"Well, enough already! I'm not satisfied with any of it," she announced.
The drummer impatiently tapped his foot. The guitarist looked her in the eye and taunted in a huff, "Damn it Star! If you think you're so effin' good, you can do it yourself. By the way your guitar playing sucks."
"It ain't you. It ain't me. It's everything. It is change. I don't want this anymore. Three albums are enough." Star exclaimed with resignation.
The keyboardist chimed in, "So, you're saying it's over?"
Star, exasperated, exclaims, "Yes! It's done, it's over, we're finished."
It's hard to give up a good gig. The now former bandmates stop, look at each other and yell in unison "Go To Hell!"
I have no idea if that is how it happened. It is a fiction conjured in my mind's eye. Yet, Star Anna staffs her fourth album with a whole new band and calls it Go To Hell. The publicity for the release gives some clues to the change in accompaniment and approach. At the time of recording Go To Hell Star says she was in the midst of personal "upheaval" with "a lot of battles going on" and a "lot of betrayals . . . ."
The album is clearly related to how Star dealt with those difficulties. Star says,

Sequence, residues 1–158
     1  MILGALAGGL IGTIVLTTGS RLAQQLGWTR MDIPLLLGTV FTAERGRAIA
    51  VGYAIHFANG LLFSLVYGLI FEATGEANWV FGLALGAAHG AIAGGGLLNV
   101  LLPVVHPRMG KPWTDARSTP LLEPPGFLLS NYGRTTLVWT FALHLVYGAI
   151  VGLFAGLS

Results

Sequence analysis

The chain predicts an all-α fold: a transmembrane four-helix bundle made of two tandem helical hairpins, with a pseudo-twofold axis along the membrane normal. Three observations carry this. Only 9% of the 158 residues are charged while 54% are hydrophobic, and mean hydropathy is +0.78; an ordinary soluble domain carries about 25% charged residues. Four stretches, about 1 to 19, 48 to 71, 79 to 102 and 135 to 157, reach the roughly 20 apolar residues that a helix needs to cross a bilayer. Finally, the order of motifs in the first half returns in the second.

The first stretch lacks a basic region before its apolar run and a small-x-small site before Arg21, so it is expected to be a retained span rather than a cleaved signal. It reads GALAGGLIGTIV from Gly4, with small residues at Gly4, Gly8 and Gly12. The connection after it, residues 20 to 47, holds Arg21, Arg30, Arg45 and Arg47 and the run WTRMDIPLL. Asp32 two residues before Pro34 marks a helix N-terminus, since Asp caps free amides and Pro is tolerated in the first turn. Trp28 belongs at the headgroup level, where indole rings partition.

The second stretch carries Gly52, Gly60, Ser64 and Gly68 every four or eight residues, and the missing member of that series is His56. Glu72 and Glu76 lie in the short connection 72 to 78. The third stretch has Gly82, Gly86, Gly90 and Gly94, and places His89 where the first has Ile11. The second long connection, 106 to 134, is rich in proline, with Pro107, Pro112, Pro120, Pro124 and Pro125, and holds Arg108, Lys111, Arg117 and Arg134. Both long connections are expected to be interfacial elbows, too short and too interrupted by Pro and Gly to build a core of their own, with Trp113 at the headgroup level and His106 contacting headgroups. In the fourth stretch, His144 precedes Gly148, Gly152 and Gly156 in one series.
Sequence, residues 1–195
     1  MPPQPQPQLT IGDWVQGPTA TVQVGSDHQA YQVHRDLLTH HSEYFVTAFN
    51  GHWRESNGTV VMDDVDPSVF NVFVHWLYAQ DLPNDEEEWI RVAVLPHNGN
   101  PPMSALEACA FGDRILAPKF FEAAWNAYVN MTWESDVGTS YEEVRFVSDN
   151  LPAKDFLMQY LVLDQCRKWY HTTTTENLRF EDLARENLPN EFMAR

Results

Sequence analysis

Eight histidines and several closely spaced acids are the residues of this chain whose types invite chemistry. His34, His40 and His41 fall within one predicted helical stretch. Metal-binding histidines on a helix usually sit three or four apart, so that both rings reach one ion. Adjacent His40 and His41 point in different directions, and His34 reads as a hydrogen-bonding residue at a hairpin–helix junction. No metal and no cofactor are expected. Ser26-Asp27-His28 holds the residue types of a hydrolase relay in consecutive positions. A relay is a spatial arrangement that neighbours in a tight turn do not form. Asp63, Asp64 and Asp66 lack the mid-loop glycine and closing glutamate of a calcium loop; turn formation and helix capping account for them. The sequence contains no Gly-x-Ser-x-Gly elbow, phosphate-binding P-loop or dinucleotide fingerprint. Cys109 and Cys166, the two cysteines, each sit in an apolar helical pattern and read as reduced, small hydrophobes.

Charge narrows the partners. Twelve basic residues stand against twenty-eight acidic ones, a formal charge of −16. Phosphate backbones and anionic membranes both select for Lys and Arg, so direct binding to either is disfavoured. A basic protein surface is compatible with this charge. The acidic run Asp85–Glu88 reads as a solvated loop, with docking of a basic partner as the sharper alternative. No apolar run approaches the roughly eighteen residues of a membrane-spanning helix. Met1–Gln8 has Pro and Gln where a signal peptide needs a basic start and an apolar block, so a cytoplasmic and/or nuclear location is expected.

"[The album is about] balance. There is a lot of anger and loss, but there is also the other side of that. When something happens that strips you down to the bone, you can choose to only focus on the anger or you can also look around at the people who are still there, who are still trustworthy, loving and truly kind."
Unlike prior Star Anna releases Go To Hell's ten tracks are more of a band written effort. Star Anna indicates they went into the studio with few completed songs and only a skeletal idea of the musical concept for the release. The album is co-produced by band member Ty Bailie (keyboards/organ/piano) who plays alongside Julian McDonough (drums), Jacques Willis (vibraphones), Will Moore (bass), and Jeff Fielder (guitars).
Some of the greatest art of all time has been produced during artists' most difficult personal struggles. Monet's most famous paintings where created when he and his family fell into abject poverty. Van Gogh's insanity produced "Starry Night." Whatever travails beset Star Anna they have led to the best album she has, to date, released.
Star has a Billie Holliday voice with a sultry growl that she uses to front a hard folk blues rock sound. Go To Hell contains a number of firsts for Star. She included her first cover, a great rendition of Tom Waits' "Come On Up to The House," and co-wrote songs for the first time with a friend, Nashville-based singer-songwriter Shane Tutmarc, who wasn't a member of the band. She also set aside her guitar and limited her efforts to vocals.
What you hear is what you get with Star. To find out if you like it go to Go To Hell.
- Old School